Here is an interesting approach how the WinZip package is trying to look for files in-use to prevent a successful install/repair/uninstall.

If you install WinZip as per-machine and then trigger a repair as a non-admin user the custom action AreExeFilesLocked is executed (always, no condition) to check for any running winzip related process. The repair fails with the following error message:
The WinZip component 'C:\Program Files\WinZip\winzip32.exe' is running, possibly in another user session. Please logout all other users and press the Retry button to continue, or press Cancel to abort the installation.
(We didn't want to abort the installation did we and there are no other users currently logged in to logout so hitting the Retry button multiple times won't do any good.)

There is no process with that name running.
Heck, I havn't even launched winzip yet since installing it!

The problem is that this custom action (AreExeFilesLocked) itself is locking this executable (winzip32.exe) as it has an open handle on it and therefore prevents a repair from occuring successfully.

Preventing the CA from being executed during a repair (ex. by adding a condition as NOT REINSTALL) or just preventing it from being executed at all; condition to resolve to false (ex. 1=0) or remove the CA from the InstallExecuteSequence table and the repair is a success.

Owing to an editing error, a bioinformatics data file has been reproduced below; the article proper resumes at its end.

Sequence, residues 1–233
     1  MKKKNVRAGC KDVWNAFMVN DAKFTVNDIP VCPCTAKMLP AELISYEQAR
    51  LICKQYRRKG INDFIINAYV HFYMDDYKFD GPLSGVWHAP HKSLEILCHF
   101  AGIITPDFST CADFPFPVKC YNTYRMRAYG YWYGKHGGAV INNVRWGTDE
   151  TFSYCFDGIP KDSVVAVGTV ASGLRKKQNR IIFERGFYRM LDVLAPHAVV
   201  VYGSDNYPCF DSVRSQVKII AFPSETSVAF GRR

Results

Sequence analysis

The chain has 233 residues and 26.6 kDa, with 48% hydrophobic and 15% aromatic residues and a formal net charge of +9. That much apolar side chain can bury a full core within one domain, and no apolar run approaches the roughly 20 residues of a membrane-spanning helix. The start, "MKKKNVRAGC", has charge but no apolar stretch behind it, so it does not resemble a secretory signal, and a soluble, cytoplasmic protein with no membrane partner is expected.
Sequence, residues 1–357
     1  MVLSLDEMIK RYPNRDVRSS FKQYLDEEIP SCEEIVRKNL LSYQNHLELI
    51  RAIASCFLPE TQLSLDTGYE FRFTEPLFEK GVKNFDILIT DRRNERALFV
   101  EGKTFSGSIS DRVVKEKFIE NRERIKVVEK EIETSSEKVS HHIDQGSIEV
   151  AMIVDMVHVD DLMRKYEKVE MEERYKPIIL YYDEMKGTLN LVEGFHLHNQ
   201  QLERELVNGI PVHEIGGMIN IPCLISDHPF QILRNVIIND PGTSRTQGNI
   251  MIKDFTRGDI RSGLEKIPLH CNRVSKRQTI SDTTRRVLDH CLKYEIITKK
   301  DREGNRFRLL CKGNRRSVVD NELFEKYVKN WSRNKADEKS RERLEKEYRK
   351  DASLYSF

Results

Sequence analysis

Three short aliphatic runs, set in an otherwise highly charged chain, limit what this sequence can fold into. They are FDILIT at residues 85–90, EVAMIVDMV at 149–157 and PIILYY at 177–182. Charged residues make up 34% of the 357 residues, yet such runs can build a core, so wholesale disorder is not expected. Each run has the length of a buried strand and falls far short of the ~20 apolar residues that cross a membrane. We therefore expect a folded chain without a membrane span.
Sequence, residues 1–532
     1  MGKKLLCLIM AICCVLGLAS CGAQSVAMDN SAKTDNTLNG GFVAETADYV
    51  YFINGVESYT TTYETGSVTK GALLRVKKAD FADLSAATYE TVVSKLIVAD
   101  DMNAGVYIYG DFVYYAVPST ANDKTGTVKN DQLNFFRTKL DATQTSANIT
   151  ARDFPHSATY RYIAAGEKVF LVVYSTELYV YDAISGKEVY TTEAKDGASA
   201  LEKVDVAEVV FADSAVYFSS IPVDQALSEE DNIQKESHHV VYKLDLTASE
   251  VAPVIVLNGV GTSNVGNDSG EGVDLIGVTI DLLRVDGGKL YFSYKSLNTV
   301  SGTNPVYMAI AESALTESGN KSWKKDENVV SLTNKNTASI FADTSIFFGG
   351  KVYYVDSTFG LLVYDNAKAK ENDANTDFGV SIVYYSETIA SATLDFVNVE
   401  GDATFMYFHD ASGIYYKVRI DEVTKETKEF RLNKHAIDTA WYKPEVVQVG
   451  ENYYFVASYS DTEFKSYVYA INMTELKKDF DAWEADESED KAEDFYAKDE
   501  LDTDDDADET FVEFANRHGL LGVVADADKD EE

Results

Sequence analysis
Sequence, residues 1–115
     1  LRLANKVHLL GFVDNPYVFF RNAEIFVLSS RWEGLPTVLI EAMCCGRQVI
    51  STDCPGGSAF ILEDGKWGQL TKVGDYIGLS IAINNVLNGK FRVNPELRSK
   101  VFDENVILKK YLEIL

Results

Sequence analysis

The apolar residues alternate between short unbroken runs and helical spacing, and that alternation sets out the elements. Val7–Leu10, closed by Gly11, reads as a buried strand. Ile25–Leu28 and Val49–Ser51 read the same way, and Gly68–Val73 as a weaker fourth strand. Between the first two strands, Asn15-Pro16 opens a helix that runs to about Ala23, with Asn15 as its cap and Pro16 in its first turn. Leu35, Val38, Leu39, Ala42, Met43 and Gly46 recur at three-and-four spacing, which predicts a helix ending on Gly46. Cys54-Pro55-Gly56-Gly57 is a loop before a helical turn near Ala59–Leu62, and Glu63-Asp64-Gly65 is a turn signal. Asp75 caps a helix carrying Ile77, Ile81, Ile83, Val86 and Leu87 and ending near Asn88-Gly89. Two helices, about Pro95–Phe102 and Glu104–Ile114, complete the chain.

This time any running winzip process will also be closed automatically to perform the repair without any files in-use.

What were they think about!?
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Goes to show there are still a lot of people who don't understand MSI as well as they should. A product as widely used [installed] as WinZip should really have the attention of someone who understands this kind of problem. Even worse-- like we who create packages for internal distribution, these kind of things should be identified during testing!
Answered 11/19/2007 by: bkelly
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What were they think about!?There's your mistake, Kim - you imagine that vendors think :)
Answered 11/19/2007 by: VBScab
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Just a little correction.
prevent a successful install/repair/uninstall.
It should be "prevent a successful repair." as during install and uninstall this is performed under an admin/system context depending on the deployment solution.

Ian,
We sure hope anyway [:D]
Answered 11/19/2007 by: AngelD
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